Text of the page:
7 things to expect from your PR agency

A good client-agency relationship is a partnership. At least it should be. But too often it’s relegated to a transactional relationship – something we hear often in a new business environment.

One of the problems is the length of the relationship. In 1984, the average client-agency relationship tenure was 7.2 years. By 1997, that number declined by 25% to 5.3 years. Today the average client-agency tenure is thought to be less than three years. If that number continues to fall, people will be switching agencies every 6 months!

Trust is the most pivotal part of any working relationship now more than ever. If your agency doesn’t earn your trust early on then it’ll be very hard to get impactful results. While it’s the agency’s responsibility to gain the trust – you as the client need to give them the chance to prove themselves so that they can churn out the results for you, the client.

What’s needed to build a lasting long term relationship and ensure your long-term growth? What should you expect from your PR agency? While the list isn’t exhaustive, here are my 7 things:

#1 Responsiveness
Your agency should have consistent communication with your team to make sure they’re aligned with you. They should be learning everything they can about your business. Agencies need to ask the right questions to understand why you’re doing what you’re doing. By doing so the media relations and content writing team can translate the passion that you have for the business to the media and your audience to create impactful storylines.

#2 Proactiveness
On the other side of the coin, your team needs to show the initiative to get the campaign moving and maintain momentum. This doesn’t mean not giving them any input into content ideas or strategy, but it does mean they have the know-how and experience to identify opportunities, make suggestions, look for new angles and create campaigns without being spoon-fed.

#3 Valuable deliverables
It’s not enough to expect just some ROI numbers based on advertising equivalents anymore. We’ve moved way past that and there are so many more metrics to consider. Which means it’s good to agree with your agency what you exactly want and expect from a campaign. Whether that’s lead generation, raising awareness, social link clicks from coverage, volume of coverage, targeted press etc. These should be established at the start so that the campaign can be tailored around the deliverables and then continually tracked and measured against throughout the relationship.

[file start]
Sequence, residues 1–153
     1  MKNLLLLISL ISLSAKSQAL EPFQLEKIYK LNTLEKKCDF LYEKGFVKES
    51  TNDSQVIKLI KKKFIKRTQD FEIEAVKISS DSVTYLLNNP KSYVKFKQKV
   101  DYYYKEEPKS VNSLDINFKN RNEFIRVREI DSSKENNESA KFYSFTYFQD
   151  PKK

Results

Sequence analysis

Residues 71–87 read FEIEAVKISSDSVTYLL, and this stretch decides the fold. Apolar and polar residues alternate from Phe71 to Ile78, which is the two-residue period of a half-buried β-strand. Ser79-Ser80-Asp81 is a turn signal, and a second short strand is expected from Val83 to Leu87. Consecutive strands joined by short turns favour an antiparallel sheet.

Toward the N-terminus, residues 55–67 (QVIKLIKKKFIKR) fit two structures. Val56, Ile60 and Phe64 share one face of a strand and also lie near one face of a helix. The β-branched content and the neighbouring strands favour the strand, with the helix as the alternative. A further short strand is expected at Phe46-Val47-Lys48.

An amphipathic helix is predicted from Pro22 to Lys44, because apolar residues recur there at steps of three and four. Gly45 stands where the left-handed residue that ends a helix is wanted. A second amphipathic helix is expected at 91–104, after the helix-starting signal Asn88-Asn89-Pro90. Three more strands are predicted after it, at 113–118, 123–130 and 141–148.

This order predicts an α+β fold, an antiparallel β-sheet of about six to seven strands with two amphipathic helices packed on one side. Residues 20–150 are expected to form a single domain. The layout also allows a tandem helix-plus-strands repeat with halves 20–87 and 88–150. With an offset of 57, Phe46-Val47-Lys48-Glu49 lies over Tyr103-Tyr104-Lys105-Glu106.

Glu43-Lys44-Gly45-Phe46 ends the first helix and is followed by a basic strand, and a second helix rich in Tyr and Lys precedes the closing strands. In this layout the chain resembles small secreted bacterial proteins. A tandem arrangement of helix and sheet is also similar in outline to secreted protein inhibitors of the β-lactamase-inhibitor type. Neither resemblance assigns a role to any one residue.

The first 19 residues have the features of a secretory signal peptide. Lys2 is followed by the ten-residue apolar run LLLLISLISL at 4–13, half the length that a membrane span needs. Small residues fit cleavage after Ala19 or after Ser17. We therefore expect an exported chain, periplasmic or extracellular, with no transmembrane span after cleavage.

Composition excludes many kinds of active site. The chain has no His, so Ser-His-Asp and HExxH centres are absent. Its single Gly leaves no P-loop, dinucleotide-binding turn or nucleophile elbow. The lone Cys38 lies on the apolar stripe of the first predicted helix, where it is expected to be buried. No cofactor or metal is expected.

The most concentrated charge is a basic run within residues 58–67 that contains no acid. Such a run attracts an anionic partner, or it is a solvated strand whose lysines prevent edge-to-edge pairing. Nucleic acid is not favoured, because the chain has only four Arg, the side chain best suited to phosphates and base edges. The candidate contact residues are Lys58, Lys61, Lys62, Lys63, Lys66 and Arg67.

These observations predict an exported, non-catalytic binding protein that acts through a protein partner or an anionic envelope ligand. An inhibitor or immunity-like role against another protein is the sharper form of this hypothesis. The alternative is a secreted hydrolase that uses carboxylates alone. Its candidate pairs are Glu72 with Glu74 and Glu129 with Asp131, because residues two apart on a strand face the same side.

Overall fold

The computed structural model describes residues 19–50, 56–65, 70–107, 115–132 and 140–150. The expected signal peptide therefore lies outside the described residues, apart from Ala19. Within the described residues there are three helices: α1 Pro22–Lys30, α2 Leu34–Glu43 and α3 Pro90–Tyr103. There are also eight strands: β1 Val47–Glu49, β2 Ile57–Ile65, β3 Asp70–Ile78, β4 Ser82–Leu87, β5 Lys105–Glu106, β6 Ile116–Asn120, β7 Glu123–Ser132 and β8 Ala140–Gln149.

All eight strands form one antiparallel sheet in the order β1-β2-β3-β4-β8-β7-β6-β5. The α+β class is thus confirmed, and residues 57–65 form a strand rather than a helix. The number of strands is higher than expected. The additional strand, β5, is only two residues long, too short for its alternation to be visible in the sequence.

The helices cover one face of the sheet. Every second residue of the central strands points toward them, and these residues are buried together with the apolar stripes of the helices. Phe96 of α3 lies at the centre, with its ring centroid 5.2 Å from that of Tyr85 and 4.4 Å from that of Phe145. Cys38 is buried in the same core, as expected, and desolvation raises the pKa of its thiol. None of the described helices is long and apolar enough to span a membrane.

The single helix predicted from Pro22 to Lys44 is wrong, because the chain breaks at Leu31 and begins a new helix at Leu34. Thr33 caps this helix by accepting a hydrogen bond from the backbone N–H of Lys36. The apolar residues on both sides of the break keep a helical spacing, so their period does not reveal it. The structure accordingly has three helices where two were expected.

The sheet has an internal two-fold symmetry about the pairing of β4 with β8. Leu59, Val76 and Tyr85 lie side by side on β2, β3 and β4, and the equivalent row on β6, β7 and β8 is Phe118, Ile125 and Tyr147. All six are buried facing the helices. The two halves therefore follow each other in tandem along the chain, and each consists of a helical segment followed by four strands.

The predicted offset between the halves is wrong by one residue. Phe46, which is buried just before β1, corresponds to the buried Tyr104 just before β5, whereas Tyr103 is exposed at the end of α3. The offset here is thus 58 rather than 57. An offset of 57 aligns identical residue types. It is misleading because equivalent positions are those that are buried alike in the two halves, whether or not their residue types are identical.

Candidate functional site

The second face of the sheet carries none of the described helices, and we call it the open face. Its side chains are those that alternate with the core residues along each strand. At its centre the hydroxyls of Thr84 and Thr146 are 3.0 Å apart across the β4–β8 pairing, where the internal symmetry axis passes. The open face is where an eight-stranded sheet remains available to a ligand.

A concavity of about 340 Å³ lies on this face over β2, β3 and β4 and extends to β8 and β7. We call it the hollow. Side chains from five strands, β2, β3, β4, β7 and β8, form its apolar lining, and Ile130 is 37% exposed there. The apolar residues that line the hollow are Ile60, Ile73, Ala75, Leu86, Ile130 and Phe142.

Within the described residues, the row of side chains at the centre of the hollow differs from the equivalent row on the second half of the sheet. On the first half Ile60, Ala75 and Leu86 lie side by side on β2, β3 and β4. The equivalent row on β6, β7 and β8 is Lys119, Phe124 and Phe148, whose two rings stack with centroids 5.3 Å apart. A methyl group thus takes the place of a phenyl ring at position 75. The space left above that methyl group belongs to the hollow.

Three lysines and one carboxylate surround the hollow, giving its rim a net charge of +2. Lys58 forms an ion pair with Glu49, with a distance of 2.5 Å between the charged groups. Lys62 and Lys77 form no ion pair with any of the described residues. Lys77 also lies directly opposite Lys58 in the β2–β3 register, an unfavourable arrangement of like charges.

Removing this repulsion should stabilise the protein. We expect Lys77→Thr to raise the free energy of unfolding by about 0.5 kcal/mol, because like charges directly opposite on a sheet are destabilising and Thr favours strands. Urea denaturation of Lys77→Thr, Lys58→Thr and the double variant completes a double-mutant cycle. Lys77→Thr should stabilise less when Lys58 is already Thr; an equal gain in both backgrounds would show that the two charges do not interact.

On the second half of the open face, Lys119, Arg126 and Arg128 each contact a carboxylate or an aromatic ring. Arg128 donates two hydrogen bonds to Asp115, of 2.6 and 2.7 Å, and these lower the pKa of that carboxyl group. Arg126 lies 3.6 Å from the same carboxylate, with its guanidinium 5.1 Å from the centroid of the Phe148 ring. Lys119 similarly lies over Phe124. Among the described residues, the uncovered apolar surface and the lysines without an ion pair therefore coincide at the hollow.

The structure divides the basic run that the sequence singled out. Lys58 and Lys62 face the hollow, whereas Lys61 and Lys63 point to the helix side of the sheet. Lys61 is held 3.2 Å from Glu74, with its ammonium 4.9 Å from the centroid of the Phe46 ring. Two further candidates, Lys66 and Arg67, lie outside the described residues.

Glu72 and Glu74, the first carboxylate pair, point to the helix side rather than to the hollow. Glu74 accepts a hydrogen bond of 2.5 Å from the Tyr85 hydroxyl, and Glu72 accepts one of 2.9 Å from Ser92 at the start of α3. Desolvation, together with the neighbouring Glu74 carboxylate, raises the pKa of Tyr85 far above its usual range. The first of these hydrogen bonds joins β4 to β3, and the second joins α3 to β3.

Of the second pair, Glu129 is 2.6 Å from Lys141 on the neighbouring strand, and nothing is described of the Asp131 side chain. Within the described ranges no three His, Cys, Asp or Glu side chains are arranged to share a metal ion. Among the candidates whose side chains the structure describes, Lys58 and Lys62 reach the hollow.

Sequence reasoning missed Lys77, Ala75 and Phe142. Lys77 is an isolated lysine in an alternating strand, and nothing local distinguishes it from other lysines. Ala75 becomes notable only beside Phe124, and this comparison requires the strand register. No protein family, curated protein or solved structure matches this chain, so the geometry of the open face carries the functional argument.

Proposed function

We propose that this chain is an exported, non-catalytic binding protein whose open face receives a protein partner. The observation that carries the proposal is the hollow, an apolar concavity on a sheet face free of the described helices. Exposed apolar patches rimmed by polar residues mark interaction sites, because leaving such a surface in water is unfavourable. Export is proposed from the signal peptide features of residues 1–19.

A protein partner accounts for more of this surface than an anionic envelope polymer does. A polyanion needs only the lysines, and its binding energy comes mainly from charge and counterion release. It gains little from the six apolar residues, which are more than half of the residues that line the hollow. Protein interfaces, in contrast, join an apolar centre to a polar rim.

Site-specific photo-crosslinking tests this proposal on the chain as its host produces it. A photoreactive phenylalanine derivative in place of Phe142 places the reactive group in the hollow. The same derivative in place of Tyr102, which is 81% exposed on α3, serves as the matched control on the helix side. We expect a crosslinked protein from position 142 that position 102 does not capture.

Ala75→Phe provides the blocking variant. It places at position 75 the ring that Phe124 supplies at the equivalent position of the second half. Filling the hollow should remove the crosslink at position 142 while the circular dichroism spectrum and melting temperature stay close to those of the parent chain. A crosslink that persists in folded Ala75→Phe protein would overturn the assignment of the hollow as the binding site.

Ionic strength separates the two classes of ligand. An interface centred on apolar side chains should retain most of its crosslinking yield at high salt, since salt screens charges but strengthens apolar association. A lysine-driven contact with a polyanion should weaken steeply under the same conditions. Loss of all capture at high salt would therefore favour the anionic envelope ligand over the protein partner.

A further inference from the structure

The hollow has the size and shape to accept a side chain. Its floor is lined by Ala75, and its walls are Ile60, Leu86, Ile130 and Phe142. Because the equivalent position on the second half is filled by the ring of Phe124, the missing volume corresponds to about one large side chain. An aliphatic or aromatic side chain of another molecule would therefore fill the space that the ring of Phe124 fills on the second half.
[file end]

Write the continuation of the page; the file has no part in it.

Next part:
#4 Onboarding sessions
Your agency should be taking the time to get to know you and an effective way to do this is onboarding sessions. The agency needs time with your wider to team to understand the company messages and its business goals. Without your input, even the best PR team will struggle to get good results. In addition, these sessions shouldn’t be a one-off, but can add real value throughout the relationship and as your business and goals evolve.

#5 Good industry knowledge
Most agencies will already have a good understanding of your industry due to previous experience but if you are a new area to them, then the agency needs to get up to speed on the latest trends and news stories. And keep up to date. A lot of this information can be gleaned from the onboarding sessions and early-stage research.

#6 Creativity
This is the one that is at the top of the list for many clients. Creativity is the ingredient that is going to make you stand out from the others and will stick in the mind of the customer and shouldn’t be forgotten in the B2B world. It’s an integral part of every campaign. So, of course, creativity is something to expect from your agency. It’s what many agencies invest a lot of money in to make sure they’ve got the edge.

#7 Specialist team
Are your team playing to their strengths? This may seem obvious but it’s missed by a lot of people. A lot of the time PR agencies use a team of generalists – everyone does a bit of everything from media relations to content writing. While this is a great experience for the team, it’s not beneficial for the client. You want everyone playing to their strengths, which means having a dedicated content writer that knows your tone of voice and consistently churns out high-quality content. A dedicated media relations specialist who can focus on the relationship with the journalists to guarantee placements in top tier publications. These are the people that will be working on your account day in day out so make sure to know they’re utilising everyone’s skills.

Choosing an agency can be a long and painful process but hopefully, my 7 tips make the next time you switch agency a bit less painful and will go a long way to cementing that long-term relationship with your next agency.

By John Broy, Chief Client Officer